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Community beefs up security after bombings
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Community beefs up security after bombings

Jewish schools and synagogues in New Jersey were on high alert after it was learned that there were several connections between the Garden State and the Sept. 17 bombing in Manhattan’s Chelsea neighborhood that left 29 people injured. For Jewish organizations, the incident served as a chilling reminder of the need to institute advanced security measures.

With the coming of the High Holy Days — Rosh Hashana began the evening of Oct. 2 — the Jewish Federation in the Heart of NJ held a two-part training session Sept. 19 for synagogue ushers and greeters.

Federation CEO Keith Krivitzky said the sessions were organized by its security task force and were the latest in a series of 16 such workshops through which the agency has worked to enhance security awareness and preparedness in the community’s institutions.

Leading up to the seminars, a webinar on High Holy Day procedures was held Sept. 15, led by a retired FBI agent now serving on the federation task force.

During the Sept. 19 program, Krivitzky said, 50 attendees representing 30 Jewish institutions in Middlesex and Monmouth counties participated in a roundtable discussion with national and international security experts.

The High Holy Days, said Krivitzky, “are when our synagogues draw the biggest crowds, and ushers and greeters welcome many people they barely know. They are the people on the front lines, the first to notice when something isn’t right, and are best able to respond. That’s why we did this kind of training, which is part of our ongoing the broader preparedness and training initiatives.”

Following the discussion, 75 participants heard a representative of U.S. Security Care, Inc., speak on drawing up an emergency action plan. Also on hand were local law enforcement representatives and security agencies, including the Monmouth County Prosecutor’s and Sheriff’s offices.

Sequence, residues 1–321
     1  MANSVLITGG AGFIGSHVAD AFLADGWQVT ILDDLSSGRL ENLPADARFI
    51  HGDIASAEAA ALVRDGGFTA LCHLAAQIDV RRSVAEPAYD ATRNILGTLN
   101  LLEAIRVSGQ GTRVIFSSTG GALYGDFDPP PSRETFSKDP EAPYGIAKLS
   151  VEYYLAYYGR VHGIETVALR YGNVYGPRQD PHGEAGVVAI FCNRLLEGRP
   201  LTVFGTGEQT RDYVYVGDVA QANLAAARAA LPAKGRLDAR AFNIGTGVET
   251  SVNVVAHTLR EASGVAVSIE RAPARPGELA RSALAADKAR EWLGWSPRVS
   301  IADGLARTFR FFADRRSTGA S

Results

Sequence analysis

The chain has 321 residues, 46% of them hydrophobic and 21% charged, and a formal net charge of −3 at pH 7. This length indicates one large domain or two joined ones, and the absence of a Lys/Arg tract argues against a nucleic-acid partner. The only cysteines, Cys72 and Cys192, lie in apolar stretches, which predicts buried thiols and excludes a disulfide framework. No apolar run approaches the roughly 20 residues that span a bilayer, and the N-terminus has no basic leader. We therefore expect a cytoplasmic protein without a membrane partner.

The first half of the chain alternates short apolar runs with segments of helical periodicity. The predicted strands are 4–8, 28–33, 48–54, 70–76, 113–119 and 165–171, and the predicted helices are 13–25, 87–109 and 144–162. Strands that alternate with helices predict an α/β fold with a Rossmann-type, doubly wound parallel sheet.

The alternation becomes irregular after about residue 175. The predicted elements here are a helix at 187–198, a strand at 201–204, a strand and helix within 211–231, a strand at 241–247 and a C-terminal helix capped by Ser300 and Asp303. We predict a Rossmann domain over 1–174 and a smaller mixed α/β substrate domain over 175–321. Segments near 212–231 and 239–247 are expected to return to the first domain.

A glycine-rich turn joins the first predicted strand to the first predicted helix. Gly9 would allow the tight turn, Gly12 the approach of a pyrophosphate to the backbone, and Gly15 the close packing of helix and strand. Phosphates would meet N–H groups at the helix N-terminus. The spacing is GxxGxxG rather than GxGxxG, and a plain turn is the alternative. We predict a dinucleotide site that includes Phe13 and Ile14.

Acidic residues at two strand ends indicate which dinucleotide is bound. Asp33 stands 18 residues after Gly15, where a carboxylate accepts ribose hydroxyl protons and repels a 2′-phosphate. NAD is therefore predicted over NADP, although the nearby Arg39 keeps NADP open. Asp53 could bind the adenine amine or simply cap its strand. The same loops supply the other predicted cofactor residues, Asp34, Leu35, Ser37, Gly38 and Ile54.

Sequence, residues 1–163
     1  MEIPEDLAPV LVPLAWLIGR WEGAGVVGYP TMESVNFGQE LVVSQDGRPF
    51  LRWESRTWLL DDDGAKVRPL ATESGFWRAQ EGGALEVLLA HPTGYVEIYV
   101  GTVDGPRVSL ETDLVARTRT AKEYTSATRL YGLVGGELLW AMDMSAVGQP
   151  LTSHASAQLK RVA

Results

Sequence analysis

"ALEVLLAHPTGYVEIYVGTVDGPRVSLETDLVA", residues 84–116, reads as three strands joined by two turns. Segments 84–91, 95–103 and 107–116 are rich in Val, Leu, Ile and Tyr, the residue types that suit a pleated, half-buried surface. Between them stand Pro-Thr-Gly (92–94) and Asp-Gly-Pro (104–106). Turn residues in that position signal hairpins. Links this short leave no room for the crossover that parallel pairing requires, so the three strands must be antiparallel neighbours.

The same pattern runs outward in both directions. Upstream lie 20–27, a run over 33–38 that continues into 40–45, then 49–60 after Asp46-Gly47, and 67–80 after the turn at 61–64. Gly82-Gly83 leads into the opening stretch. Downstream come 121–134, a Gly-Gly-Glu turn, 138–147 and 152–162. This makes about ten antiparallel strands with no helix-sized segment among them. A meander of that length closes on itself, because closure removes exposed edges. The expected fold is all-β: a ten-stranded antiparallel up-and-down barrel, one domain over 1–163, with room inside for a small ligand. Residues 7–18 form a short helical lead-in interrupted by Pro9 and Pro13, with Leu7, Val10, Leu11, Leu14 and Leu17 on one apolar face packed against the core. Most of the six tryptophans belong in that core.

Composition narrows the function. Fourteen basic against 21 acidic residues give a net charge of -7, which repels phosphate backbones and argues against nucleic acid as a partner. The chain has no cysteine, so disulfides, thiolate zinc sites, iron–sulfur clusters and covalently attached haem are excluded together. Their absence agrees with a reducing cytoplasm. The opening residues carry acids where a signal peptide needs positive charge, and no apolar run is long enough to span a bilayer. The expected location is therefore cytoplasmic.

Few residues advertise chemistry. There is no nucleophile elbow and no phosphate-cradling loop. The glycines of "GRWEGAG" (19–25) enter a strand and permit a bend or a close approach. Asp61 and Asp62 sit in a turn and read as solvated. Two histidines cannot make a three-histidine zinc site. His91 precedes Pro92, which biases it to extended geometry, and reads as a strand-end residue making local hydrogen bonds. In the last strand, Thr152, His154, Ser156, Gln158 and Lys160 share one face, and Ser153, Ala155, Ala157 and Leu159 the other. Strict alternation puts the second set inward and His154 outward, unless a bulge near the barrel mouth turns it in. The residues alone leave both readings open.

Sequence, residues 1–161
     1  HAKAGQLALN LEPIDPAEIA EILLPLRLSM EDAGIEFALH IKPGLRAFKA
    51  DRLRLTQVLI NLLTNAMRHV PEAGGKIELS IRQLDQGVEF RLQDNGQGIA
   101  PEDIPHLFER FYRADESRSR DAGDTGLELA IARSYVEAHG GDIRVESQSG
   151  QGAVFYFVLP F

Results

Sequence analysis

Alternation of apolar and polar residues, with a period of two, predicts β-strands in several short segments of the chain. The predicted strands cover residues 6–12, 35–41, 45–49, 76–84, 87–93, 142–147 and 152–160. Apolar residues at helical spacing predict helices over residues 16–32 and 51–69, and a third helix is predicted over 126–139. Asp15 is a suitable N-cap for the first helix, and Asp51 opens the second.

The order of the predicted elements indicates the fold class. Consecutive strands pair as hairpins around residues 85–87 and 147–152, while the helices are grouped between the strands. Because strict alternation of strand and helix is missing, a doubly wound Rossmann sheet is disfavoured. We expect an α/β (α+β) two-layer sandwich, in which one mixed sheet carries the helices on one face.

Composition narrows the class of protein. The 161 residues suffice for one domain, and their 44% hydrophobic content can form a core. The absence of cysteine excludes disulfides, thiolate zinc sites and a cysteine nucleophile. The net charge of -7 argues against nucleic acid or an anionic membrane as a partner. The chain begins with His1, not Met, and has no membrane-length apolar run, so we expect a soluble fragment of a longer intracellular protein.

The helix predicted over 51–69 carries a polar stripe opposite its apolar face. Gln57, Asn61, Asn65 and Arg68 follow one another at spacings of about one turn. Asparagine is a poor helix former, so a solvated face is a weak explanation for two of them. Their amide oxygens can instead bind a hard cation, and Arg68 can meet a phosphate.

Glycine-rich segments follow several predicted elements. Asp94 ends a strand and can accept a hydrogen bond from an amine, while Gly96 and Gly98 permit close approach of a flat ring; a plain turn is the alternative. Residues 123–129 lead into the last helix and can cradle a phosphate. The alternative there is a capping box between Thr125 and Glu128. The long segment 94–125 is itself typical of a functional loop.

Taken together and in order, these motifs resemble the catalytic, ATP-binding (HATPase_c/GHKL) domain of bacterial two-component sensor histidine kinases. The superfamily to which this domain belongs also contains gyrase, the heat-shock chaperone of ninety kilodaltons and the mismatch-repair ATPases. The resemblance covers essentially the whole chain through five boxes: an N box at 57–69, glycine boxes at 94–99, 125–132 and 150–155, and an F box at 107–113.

Monmouth County Sheriff Shaun Golden released a statement after the meeting praising the cooperation between the federation and his office, adding, “Unfortunately, the threat of violence continues to affect many religious organizations, and residents must remain highly vigilant and prepared.”

Krivitzky said other federation security initiatives include having director of community programming Amy Keller, the staff liaison to the task force, continually meet with representatives of federations across the state to learn effective strategies.

He said those efforts have paid off in putting the Heart of NJ federation “significantly ahead of the curve,” and resulted in its receiving more than $1 million in grants from federal Homeland Security this year for area schools, institutions, and synagogues, “more than any other federation in the state and five times more than we’ve received any other year,” said Krivitzky.

The initiatives gained in urgency in the aftermath of the terrorist bombings in Seaside Park and Manhattan and an attempted bombing in Elizabeth, allegedly by Ahmad Khan Rahami, who was shot and captured in a shootout with Linden police two days later. Rahami graduated from Edison High School and attended Middlesex County College in Edison.